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Only four extra beds have been provided at University Hospital Limerick since the start of the Covid-19 pandemic.

Only Four Extra ICU Beds at University Hospital Limerick

THE number of critical care beds in University Hospital Limerick to treat seriously ill non-Covid-19 and Covid-19 patients has only increased by four, a hospital boss has confirmed.

UL Hospitals’ Group chief executive Colette Cowan has revealed there are currently 22 critical care beds in UHL – 12 intensive care and 10 high dependency beds.

This represents an increase of four since the start of the year. During the peak of the first wave, the group initiated their critical care surge plan involving training and redeployment of staff, the temporary conversion of other beds in the Critical Care Block into ICU/HDU beds and the procurement of equipment.

“The group are currently monitoring matters closely in the event we may need to open critical care surge capacity in the coming weeks. A plan is in place should we need to increase capacity,” she stated.

In a recent overview provided for public representatives, Professor Cowan confirmed it is planned to hand back the temporary Intermediate Care Facility (ICF) to the University of Limerick in early November, by which time some additional capacity will have opened at UHL.

The number of patients in the Intermediate Care Facility at UL Arena on Wednesday, October 7th was 28.

At the time of writing, she reported the incidence rate of Covid-19 in Clare and Limerick effectively trebled in the two weeks since her last update.

On October 7th, the 14-day incidence rate in Limerick was 108 per 100,000; 157 per 100,000 in County Clare and 55 per 100,000 in County Tipperary. The national incidence rate was 124 per 100,000.

Acknowledging the introduction of Level Three Covid-19 restrictions are difficult, she warned they could become even more difficult if the number of cases continues to deteriorate.

In recent weeks, public health specialists have reported multiple outbreaks connected with social gatherings and family events.

She urged people to reduce their social contacts and continue to observe public health advice around hand hygiene, face coverings, social distancing and cough/sneeze etiquette.

“The move to Level Three has no direct impact on the provision of hospital services but, unlike during the first wave, we are determined to keep additional service disruption to a minimum and continue to prioritise scheduled care for those who need it most as well as unscheduled care for the Covid-19 and non-Covid-19 streams.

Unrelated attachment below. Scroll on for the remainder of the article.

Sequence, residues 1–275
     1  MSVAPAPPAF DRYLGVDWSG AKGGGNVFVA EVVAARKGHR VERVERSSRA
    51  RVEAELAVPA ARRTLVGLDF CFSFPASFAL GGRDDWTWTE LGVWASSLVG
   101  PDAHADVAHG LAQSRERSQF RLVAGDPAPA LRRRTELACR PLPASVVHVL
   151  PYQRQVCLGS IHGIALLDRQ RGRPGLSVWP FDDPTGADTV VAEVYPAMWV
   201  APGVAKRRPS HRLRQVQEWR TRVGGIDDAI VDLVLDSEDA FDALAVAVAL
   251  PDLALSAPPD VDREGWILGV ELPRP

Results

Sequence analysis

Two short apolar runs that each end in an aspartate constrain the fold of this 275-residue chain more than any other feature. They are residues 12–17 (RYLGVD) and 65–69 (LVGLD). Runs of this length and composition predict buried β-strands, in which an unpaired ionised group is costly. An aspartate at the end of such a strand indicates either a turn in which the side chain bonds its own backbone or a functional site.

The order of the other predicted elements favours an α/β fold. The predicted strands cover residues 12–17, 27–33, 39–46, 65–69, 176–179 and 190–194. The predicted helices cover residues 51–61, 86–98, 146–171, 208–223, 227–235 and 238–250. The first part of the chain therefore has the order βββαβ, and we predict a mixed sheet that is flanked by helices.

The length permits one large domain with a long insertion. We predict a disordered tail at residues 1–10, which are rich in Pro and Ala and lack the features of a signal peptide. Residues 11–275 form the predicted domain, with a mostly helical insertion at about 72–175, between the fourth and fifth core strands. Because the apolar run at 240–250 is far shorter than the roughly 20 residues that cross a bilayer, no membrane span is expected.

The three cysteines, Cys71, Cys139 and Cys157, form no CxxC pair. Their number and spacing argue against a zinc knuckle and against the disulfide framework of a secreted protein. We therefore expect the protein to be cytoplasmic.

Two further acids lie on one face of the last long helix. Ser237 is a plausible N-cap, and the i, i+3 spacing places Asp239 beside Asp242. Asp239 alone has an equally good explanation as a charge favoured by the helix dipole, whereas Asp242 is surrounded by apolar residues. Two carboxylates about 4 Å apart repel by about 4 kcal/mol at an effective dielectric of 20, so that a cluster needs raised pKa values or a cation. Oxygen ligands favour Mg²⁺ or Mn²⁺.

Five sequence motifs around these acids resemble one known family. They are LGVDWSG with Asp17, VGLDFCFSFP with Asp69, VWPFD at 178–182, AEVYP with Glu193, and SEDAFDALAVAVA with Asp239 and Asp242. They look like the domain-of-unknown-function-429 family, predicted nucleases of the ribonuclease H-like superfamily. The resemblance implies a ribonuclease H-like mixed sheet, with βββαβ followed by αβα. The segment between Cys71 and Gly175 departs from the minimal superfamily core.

The Hospital Crisis Management Team and Executive Crisis Management Team continue to meet to plan and put into effect a response to the ongoing public health emergency.

As of 8pm on Wednesday, October 7th, there were seven confirmed cases and seven suspected cases of Covid-19 in UHL. There was one confirmed case and one suspected case in critical care. There were two confirmed cases in Ennis Hospital.

An additional four beds have been opened on the haematology/oncology Ward 6B at UHL. This brings to 20 the number of beds open on this 24-bed single room ward.

The remaining beds will open by the end of this month as more staff are recruited. This was one of the building projects commenced in May of this year under the National Action Plan in Response to Covid-19.

The separate 14-Bed Block being developed at UHL under the same plan will also open before the end of this month.

In addition, the group expect that the refurbishment of the medical ward 3A at UHL will bring a further 16 beds back into use by the end of this month.

The group has commenced further emergency works at UHL to expand hospital testing for Covid-19.

Covid-19 testing is a cornerstone of the Government’s public health approach to pandemic, both in the community and in hospitals.

This rapid-build laboratory project commenced last month and is expected to be complete in early 2021. The new laboratory will provide a purpose build pre- Polymerease Chain Reaction (PCR), extraction, amplification and post PCR areas, all areas physically separated.

Current test capacity is in the region of 200-220 per day. The new instrument being delivered for the new lab will increase daily test capacity by 70%, delivering an anticipated daily average in excess of 300 per day once operational.

 

Dan Danaher

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